The majority of wines from Ampurdan-Costa Brava are still rosados made with Garnatxa, frequently supplemented with Cariñena. In addition, both white and red Spanish wines are made here and some excellent Cavas. The largest local producers, the Perelada Group (Cavas del Ampurdan and Castillo de Perelada) have advanced and established the Ampurdan-Costa Brava DO over the years. It is due to this group that this DO has become an established name throughout the world. If you visit the region then in any event visit Castillo de Perelada in the the Ampurdan region. The castle of Perelada is the historical and commercial heart of Perelada and it contains very impressive wine cellars that are centuries old, together with a superb glass and wine museum, to view by appointment.
In Spain too, the grapes intended for production of Cava are carefully selected and harvested. The best grapes for making Cava are grown on very chalky soil at a height of between 656-1,476 feet (200-450 metres).
The following grapes are used for the base wine: Macabeo (fruit and freshness), Parellada (floral perfumes) and Xarel-lo (acidity and alcohol). Sometimes a little Chardonnay is also added. For Cava Rosado the grapes used are Carifiena, Garnacha Tinto (Grenache Noir), Tempranillo, and Monastrell. Inland Cavas are usually made from Viura (Macabeo) grapes. Because it can become extremely hot in Spain the grapes for Cava are usually picked early in the morning. This Spanish grapes are pressed as soon as they are brought in from the vineyards.
The juices are transferred to stainless steel tanks where fermentation takes place at a constantly controlled low temperature. After fermentation the wine is rested for a while before being sampled by the cellar master. The best cuvees are selected and blending takes place in great secrecy. This Spanish wine is then bottled and held in enormous cellars for a minimum of nine months but often for longer. During this period a second fermentation takes place in the bottle. Just as with Champagne, Saumur, or Limoux lots of tiny bubbles form.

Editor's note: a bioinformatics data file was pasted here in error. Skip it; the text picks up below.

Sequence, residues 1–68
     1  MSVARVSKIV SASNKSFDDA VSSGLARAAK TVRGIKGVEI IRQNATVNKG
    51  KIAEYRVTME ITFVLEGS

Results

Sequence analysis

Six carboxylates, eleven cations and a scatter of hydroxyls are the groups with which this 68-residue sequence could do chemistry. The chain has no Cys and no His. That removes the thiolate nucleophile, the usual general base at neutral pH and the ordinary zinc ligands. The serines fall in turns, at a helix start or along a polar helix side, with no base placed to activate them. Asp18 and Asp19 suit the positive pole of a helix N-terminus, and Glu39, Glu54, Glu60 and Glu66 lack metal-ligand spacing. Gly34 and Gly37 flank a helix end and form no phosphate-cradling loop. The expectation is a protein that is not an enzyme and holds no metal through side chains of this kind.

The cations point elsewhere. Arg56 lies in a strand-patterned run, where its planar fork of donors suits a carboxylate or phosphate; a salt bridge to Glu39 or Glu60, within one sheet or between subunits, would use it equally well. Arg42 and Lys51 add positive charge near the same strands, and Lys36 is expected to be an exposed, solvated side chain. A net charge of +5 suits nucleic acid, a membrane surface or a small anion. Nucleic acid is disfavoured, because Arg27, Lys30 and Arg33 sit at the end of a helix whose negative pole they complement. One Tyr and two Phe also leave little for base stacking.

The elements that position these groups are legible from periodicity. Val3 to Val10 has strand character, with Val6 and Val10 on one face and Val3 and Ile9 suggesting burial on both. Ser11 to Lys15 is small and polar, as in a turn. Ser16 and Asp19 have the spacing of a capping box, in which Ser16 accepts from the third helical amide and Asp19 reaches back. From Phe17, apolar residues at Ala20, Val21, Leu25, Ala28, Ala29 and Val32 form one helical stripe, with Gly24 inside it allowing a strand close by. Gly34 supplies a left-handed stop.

The bottles, which are stored on racks or rotating pallets, are manually or mechanically shaken to get the floating remnants of unfermented sugars and dead yeast cells to fall to the neck of the bottle. Here too the neck of the bottle is dipped into a special salt solution to freeze the sediment. When the bottle is opened the plug of sediment is forced out of the bottle by the pressure. The wine, which is now clear, is topped up with a liqueur (see main section on sparkling wines) and provided with a cork and retaining wires and cap. The wine is now ready to be shipped to the customers.
More than 90% of all Cava originates from Catalonia, particularly from Penedes. Two major companies control about 90% of the market. Freixenet (which also owns Segura Viudas and Castell Blanch) is the undoubted leader of the export market.
The true market leader though in Spain is Codorniu. Cavas are generally somewhat less dry than French sparkling wines. They have that little bit of Spanish temperament. The price of the top quality Cavas is exceptionally low for their quality but one needs to be careful. Corners are sometimes cut, especially with the nine month 's period of maturing in the bottle.
There have been cases for many years against brands which do not stick to the minimum nine months and whose wine is therefore not permitted to be termed Cava.There are officially only two different types of Cava: white and pink. The white Cava though is subdivided into a variety of different taste types.
It is a shame that almost everything with bubbles in gets called Champagne. There are top quality Cavas made by the traditional method that are far better in quality than the most lowly of Champagnes.
Calling these wines Champagne is to undervalue them. Not only is it incorrect but in common with other sparkling wines, the Spanish Cavas have their own story to tell about the grape varieties used, the soil on which they are grown, and the weather conditions that are quite different to those of Champagne. This Spanish wine has been made by the same methode traditionnelle as French sparkling wines since the end of the nineteenth century.
Cava came into being in the province of Barcelona in 1872 because the local innkeepers and hoteliers could not meet the increasing demand for good sparkling wine. The Catalans decided to make their own sparkling wine instead of always having to import either expensive Champagne or cheap Blanquette de Limoux.